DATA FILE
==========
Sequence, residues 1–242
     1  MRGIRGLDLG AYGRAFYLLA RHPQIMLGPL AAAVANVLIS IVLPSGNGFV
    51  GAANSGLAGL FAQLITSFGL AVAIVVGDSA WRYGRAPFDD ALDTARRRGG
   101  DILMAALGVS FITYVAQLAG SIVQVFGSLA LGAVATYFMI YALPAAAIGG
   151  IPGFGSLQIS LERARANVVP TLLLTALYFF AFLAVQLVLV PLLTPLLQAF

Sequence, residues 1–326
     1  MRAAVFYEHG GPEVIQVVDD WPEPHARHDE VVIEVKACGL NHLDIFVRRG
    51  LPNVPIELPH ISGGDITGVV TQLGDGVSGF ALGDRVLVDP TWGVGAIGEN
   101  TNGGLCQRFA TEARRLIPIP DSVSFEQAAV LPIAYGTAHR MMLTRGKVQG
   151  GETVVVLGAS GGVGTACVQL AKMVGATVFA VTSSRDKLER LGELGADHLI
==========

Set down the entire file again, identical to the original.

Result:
Sequence, residues 1–242
     1  MRGIRGLDLG AYGRAFYLLA RHPQIMLGPL AAAVANVLIS IVLPSGNGFV
    51  GAANSGLAGL FAQLITSFGL AVAIVVGDSA WRYGRAPFDD ALDTARRRGG
   101  DILMAALGVS FITYVAQLAG SIVQVFGSLA LGAVATYFMI YALPAAAIGG
   151  IPGFGSLQIS LERARANVVP TLLLTALYFF AFLAVQLVLV PLLTPLLQAF

Sequence, residues 1–326
     1  MRAAVFYEHG GPEVIQVVDD WPEPHARHDE VVIEVKACGL NHLDIFVRRG
    51  LPNVPIELPH ISGGDITGVV TQLGDGVSGF ALGDRVLVDP TWGVGAIGEN
   101  TNGGLCQRFA TEARRLIPIP DSVSFEQAAV LPIAYGTAHR MMLTRGKVQG
   151  GETVVVLGAS GGVGTACVQL AKMVGATVFA VTSSRDKLER LGELGADHLI